Interview #9 with Samuele Mazzolini: Trans-Atlantic Left-Wing Populism

foto mazzoliniIn this interview, Samuele Mazzolini discusses the similarities and differences between Latin American left-wing populism (especially in Ecuador, Venezuela and Bolivia) and European left-wing populism ( in particular about Syriza, Corbyn and Podemos).

Mazzolini is a PhD candidate in Ideology and Discourse Analysis at the University of Essex. His theoretical research focuses on the notions of populism and hegemony in Laclau, while empirically he works on the experiences of the Italian Communist Party and the Ecuadorian Citizens’ Revolution. He previously worked for the Ecuadorian government and was until little ago a regular columnist of the State-owned daily newspaper El Telégrafo. He is a blogger for the Italian newspaper Il Fatto Quotidiano. Continue reading

Interview #6 – Swiss populism and direct democracy. A talk with Laurent Bernhard

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Laurent Bernhard

Last October, the Federal Swiss elections confirmed that the right-wing Swiss People Party (Schweizerische Volkspartei, SVP) is able to understand and express the population’s fears, mainly about issues such as immigration and European integration. POP asked Dr. Laurent Bernhard to discuss the Swiss situation. Dr. Bernhard is a postdoctoral researcher for the NCCR Democracy project “Populist strategies in current election campaigns” together with Prof. Marco Steenbergen. His research interests include direct democracy, comparative political economy, Swiss politics, and political communication.

1) Swiss Federal elections 2015: the Swiss People’s Party (SVP/UDC) obtains almost 30 percent of the votes, its best result ever. From a “European” perspective this may sound astonishing, since one would expect populism to score well in the context of a severe economic crisis, which is not the case for Switzerland. How do you explain this result?

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Oxi, ley mordaza, walls and summer populism

2015-06-27 18.47.15Welcome to the Bistro POP. 2015-06-27 21.47.28

We serve fresh populism, of all types.

Hot summer in Europe. Tsipras asked the Greek people to refuse the conditions of the Troika – and the Greek people answered “oxi”, which is translated as “no” but in this case means “yes Alexis, we’re still with you”; Varoufakis announced – first via Blog and then in T-shirt, cool as usual – that he resigns from his position as Minister in order to help Tsipras with the negotiations; Spain approved a package of measures unprecedented during its democratic history, limiting freedom of expression and public protest; Hungary is preparing to build yet another wall of this Europe under siege, to halt the advance of the refugees on the eastern front.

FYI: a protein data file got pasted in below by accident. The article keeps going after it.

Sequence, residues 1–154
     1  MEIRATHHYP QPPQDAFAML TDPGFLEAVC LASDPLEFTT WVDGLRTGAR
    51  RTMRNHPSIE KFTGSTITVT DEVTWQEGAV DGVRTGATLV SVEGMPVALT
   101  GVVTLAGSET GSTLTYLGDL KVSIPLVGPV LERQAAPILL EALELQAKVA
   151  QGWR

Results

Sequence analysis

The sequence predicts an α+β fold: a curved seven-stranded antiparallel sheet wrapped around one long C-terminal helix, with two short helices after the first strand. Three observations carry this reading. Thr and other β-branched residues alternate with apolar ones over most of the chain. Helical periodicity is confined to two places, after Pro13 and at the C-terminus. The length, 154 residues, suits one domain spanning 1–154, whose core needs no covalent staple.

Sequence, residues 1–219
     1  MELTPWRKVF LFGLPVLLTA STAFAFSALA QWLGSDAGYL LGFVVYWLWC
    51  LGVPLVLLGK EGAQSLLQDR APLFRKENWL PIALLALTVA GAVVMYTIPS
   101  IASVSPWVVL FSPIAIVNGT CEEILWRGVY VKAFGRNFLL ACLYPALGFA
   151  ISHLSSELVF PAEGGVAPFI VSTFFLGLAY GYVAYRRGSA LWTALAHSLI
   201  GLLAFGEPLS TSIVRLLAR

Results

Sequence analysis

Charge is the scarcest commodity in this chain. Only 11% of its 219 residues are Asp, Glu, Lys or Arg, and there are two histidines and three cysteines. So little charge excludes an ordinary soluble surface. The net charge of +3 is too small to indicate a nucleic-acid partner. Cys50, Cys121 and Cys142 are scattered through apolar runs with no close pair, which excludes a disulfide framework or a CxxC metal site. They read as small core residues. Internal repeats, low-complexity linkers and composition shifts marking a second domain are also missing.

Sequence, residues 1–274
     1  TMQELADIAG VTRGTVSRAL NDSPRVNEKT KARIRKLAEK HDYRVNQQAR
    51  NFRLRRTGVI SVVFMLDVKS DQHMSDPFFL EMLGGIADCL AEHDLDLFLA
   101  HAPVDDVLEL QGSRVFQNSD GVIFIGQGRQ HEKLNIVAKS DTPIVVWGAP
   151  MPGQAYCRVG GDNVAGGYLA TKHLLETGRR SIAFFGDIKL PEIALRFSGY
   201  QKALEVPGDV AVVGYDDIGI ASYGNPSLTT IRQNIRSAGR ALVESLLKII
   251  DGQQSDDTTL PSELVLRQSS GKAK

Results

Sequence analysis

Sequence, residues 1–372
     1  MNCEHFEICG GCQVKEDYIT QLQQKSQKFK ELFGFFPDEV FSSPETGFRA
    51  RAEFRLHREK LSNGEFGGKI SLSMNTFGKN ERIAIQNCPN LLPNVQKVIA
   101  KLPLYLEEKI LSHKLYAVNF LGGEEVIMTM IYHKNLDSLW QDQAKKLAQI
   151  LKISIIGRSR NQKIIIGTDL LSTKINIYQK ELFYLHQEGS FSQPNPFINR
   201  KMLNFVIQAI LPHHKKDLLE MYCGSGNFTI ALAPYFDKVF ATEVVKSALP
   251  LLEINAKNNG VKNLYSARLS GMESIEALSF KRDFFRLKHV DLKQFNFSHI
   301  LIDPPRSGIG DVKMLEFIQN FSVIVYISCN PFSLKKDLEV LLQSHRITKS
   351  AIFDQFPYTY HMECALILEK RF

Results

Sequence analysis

The Greek referendum marked a watershed in the history of Europe, with consequences that will be fully understood probably in the next decades. Now it’s too early to draw conclusions. The words of Varoufakis from his blog are probably the best way to reflect on what happened:  “The superhuman effort to honour the brave people of Greece, and the famous OXI (NO) that they granted to democrats the world over, is just beginning.”

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Interview #1 – Samuele Mazzolini about Populism in Europe and the Americas

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Samuele Mazzolini

This is the first of many interviews that POP will propose in the next months. Scholars, journalists, politicians and experts will answer  timing questions about the nature and development of populism. For this first interview, we have Samuele Mazzolini. He is a PhD candidate in Ideology and Discourse Analysis at the University of Essex. His research focuses on the declining hegemony of the Italian Left, read through the lenses of post-Marxist discourse theory. He is also interested in Latin American and European left-wing populism. He previously worked for the Ecuadorian government and is now a regular columnist of the state-owned daily newspaper El Telégrafo. He is also a blogger for the Italian newspaper Il Fatto Quotidiano.

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